But there's still some interesting information to consider. Look at this hit plot data thanks to Bill Petti's awesome spray chart tool. First, note the crazy drop in his run value (+8.4 per 100 batted balls before injury against -4.5 after) and batted ball distance for balls in play pre-DL (left, 185.5 feet) and post-DL (right, 158.9 feet):


It's not all bad news here.  As his average angle of +5.4 pre-DL and +10.5 post-DL show -- negative angles are left field, while positive are right field, and zero is home plate to dead center -- he's not suddenly extremely pull happy, or late. That leads to the next point: why these results?

Looking at the Why

What the numbers bear out actually sounds a lot like what Matt Williams commented on in the article linked above.  Washington's skipper said,

"He’s close," manager Matt Williams said ahead of the last game in the Beltway series with the Orioles. "He popped the ball up last night and he was right on that one. He was right on the other pitches, too. The second at-bat last night was first pitch changeup. His path was good and his timing was good, it was just a changeup.

"It’s coming. I know he doesn’t want to hear that, but it really is coming."

Here's what Williams was talking about.  On July 9, 2014, the Nats were leading the O's 5-2 in the top of the fifth, with bases loaded. Harper, in his third at bat of the night, stepped up against Tommy Hunter in a hitters' count. He got a cut fastball drifting over the plate.  In most cases, this is crush time.  Not on this occasion:


Harper seems to have just caught it off the end of the bat, a touch too far ahead of Hunter's 95 MPH offering (I, for one, will never experience the same timing issues). Hunter's immediate post-pitch hop gives away his please-let-this-come-down-before-tomorrow optimism, ultimately rewarded. But being slightly ahead is the difference between a 300 foot flyout and a 400+ foot big fly.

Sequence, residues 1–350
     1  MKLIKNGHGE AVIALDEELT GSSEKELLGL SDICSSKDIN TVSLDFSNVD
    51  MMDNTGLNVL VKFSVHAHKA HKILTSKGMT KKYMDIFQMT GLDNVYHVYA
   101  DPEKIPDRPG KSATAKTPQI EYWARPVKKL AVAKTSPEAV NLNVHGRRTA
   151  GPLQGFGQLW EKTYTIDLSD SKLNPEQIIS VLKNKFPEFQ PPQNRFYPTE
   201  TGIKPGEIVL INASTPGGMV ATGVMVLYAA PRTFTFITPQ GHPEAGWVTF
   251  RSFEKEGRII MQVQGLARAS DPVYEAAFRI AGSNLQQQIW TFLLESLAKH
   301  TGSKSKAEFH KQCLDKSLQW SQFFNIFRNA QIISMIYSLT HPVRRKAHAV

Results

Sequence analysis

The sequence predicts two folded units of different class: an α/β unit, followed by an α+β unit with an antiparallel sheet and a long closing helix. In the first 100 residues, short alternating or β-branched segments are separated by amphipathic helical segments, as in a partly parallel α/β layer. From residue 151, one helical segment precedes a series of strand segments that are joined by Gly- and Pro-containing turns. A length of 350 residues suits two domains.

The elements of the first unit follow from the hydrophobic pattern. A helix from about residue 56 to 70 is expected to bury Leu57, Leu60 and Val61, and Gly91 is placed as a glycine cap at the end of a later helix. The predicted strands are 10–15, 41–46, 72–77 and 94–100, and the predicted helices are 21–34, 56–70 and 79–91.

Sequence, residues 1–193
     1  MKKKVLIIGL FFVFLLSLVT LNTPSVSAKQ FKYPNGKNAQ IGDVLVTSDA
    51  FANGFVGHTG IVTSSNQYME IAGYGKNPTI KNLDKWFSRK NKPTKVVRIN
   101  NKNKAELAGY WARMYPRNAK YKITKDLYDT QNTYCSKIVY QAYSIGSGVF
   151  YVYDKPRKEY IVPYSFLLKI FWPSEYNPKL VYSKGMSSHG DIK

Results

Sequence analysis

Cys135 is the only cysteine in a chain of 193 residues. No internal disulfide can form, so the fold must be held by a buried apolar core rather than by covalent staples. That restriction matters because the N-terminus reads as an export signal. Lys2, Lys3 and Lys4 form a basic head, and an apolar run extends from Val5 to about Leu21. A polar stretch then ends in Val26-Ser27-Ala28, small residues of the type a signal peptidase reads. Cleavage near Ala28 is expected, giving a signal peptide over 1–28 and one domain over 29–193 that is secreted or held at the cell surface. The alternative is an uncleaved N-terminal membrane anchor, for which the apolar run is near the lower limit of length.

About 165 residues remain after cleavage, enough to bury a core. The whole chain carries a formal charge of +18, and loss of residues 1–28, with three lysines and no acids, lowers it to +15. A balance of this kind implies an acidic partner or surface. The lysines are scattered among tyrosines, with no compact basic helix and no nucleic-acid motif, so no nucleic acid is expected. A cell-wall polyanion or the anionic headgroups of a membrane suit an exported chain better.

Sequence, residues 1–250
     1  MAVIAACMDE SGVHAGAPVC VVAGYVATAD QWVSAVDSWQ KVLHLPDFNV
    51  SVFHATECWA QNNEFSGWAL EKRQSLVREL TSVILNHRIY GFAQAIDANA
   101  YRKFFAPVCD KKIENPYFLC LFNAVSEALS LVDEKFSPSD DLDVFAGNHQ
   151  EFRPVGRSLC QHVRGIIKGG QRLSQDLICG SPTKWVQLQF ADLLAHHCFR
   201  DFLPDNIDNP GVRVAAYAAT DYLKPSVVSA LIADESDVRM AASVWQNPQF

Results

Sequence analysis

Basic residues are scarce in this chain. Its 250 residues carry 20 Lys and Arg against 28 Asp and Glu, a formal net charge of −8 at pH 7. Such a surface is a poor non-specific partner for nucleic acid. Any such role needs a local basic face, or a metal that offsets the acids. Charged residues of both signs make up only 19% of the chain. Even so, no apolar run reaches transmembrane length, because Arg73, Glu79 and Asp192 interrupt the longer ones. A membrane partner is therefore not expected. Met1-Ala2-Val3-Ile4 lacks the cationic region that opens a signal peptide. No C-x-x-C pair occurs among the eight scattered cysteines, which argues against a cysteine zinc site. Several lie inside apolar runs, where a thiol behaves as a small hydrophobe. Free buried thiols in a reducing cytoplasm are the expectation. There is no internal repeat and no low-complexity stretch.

It's rust.  Or, maybe not literally that, but something like it (timing works). Harper's strikeouts were a little up before hitting the DL, but that was still a pretty small sample.  Similarly, while his strike zone discipline isn't great right now -- more swings, less contact outside the zone -- his depressed batted ball distance just seems to be a temporary thing.

Just as importantly, he's sensing a turnaround, too: "'I feel a lot better at the plate. I'm seeing more pitches. I'm just trying to get comfortable. That's the main thing. Get comfortable, getting back into the rhythm and the routine of playing every single day,'" Harper recently told Bill Ladson. These things sound like non sequiturs in isolation, but every so often there is meat on the bones of such a narrative.

It's likely Harper had a much-needed chance to reflect on his approach and process while at home in Vegas over the All Star break. Assuming his thumb is truly healthy, there are no indicators to suggest his recent issues will persist through the stretch run, and all Nats fans should look forward to that.

Big thanks to Baseball Prospectus/Brooks Baseball, Baseball Reference, Fangraphs, and Bill Petti for statistics.